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Two randomized field experiments tested a social-psychological intervention designed to improve minority student performance and increase our understanding of how psychological threat mediates performance in chronically evaluative real-world environments. We expected that the risk of confirming a negative stereotype aimed at one's group could undermine academic performance in minority students by elevating their level of psychological threat. We tested whether such psychological threat could be lessened by having students reaffirm their sense of personal adequacy or "self-integrity." The intervention, a brief in-class writing assignment, significantly improved the grades of African American students and reduced the racial achievement gap by 40%. These results suggest that the racial achievement gap, a major social concern in the United States, could be ameliorated by the use of timely and targeted social-psychological interventions.
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Three studies examined the effects of randomly assigned messages of social exclusion. In all 3 studies, significant and large decrements in intelligent thought (including IQ and Graduate Record Examination test performance) were found among people told they were likely to end up alone in life. The decline in cognitive performance was found in complex cognitive tasks such as effortful logic and reasoning: simple information processing remained intact despite the social exclusion. The effects were specific to social exclusion, as participants who received predictions of future nonsocial misfortunes (accidents and injuries) performed well on the cognitive tests. The cognitive impairments appeared to involve reductions in both speed (effort) and accuracy. The effect was not mediated by mood.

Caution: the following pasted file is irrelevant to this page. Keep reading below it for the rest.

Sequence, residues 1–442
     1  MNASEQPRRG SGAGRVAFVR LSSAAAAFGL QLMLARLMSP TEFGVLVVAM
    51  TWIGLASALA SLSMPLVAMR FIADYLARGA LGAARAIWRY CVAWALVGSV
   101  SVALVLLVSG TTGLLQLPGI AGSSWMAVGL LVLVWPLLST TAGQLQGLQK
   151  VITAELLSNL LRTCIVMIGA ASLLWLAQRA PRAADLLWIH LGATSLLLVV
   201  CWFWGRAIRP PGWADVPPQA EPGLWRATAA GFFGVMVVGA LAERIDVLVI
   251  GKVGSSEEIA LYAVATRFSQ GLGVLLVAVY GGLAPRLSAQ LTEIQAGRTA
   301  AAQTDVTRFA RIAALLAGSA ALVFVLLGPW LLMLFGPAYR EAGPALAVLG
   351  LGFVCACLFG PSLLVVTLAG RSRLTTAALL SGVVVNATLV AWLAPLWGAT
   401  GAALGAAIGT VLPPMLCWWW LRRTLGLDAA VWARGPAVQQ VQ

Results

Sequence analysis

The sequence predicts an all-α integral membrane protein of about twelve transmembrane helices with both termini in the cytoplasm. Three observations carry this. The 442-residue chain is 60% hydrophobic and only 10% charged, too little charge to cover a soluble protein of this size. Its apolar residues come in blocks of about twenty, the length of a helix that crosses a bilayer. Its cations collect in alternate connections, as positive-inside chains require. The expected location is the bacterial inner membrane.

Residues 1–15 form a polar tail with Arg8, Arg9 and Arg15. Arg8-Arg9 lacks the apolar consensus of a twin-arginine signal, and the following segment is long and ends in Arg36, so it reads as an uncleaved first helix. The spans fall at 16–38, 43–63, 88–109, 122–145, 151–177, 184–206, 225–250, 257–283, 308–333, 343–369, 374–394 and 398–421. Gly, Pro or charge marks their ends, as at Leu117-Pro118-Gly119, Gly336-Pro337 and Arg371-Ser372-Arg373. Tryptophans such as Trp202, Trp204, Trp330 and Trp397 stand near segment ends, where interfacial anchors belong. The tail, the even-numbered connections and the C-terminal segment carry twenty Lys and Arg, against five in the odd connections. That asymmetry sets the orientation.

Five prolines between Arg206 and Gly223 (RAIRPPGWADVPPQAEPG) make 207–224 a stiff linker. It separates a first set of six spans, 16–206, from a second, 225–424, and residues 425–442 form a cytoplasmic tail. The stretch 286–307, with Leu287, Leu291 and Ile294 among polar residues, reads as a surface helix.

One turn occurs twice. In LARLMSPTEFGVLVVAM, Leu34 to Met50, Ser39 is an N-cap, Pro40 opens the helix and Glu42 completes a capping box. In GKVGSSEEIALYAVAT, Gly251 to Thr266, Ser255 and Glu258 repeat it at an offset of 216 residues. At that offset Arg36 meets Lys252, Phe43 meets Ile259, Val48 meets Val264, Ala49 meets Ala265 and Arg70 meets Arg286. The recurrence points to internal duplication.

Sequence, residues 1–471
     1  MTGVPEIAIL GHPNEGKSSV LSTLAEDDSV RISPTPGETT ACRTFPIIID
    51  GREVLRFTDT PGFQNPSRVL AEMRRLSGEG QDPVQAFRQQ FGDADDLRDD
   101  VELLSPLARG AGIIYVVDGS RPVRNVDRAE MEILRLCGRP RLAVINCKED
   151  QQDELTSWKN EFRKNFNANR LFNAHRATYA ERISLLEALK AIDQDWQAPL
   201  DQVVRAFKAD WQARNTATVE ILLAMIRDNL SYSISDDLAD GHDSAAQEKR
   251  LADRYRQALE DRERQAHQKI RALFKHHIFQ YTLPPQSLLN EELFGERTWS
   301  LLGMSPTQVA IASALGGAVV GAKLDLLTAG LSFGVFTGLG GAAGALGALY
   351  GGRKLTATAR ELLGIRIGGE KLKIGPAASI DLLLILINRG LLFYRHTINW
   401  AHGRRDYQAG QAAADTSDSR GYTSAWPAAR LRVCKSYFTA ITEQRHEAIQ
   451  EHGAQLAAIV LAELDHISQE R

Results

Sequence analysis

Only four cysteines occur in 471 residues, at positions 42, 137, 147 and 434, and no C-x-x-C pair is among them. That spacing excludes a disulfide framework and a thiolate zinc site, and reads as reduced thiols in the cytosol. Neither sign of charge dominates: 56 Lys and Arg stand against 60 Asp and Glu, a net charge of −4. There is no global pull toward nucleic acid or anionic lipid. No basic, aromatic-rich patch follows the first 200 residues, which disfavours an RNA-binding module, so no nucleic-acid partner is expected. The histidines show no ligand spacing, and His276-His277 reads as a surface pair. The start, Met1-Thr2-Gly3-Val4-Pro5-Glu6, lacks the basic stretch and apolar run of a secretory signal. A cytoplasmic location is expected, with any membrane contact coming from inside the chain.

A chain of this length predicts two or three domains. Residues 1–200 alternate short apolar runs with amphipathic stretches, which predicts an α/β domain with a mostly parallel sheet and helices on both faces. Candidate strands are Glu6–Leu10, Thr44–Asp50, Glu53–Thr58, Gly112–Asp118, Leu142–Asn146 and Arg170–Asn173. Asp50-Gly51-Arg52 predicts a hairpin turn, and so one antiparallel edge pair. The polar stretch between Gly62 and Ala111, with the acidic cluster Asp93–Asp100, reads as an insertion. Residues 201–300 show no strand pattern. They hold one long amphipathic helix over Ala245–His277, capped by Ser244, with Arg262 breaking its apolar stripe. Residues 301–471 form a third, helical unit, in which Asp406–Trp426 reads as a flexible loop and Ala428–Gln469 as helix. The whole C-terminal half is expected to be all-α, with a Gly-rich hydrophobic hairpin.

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A key question about achievement motivation is how to maintain it over time and in the face of stress and adversity. The present research examines how a motivational process triggered by a social-psychological intervention propagates benefits over a long period of time and creates an enduring shift in the way people interpret subsequent adversity. During their first or second year of college, 183 Latino and White students completed either a values affirmation intervention or control exercise as part of a laboratory study. In the affirmation intervention, students wrote about a core personal value, an exercise that has been found in previous research to buffer minority students against the stress of being negatively stereotyped in school. This single affirmation improved the college grade point average (GPA) of Latino students over 2 years. Students were re-recruited for a follow-up session near the end of those 2 years. Results indicated that GPA benefits occurred, in part, because the affirmation shifted the way Latino students spontaneously responded to subsequent stressors. In particular, in response to an academic stressor salience task about their end-of-semester requirements, affirmed Latino students spontaneously generated more self-affirming and less self-threatening thoughts and feelings as assessed by an open-ended writing prompt. They also reported having a greater sense of their adequacy as assessed by measures of self-integrity, self-esteem, and hope, as well as higher academic belonging. Discussion centers on how and why motivational processes can trigger effects that persist over surprisingly long periods of time.
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Five studies tested hypotheses derived from the sociometer model of self-esteem according to which the self-esteem system monitors others' reactions and alerts the individual to the possibility of social exclusion. Study 1 showed that the effects of events on participants' state self-esteem paralleled their assumptions about whether such events would lead others to accept or reject them. In Study 2, participants' ratings of how included they felt in a real social situation correlated highly with their self-esteem feelings. In Studies 3 and 4, social exclusion caused decreases in self-esteem when respondents were excluded from a group for personal reasons, but not when exclusion was random, but this effect was not mediated by self-presentation. Study 5 showed that trait self-esteem correlated highly with the degree to which respondents generally felt included versus excluded by other people. Overall, results provided converging evidence for the sociometer model.
Chapter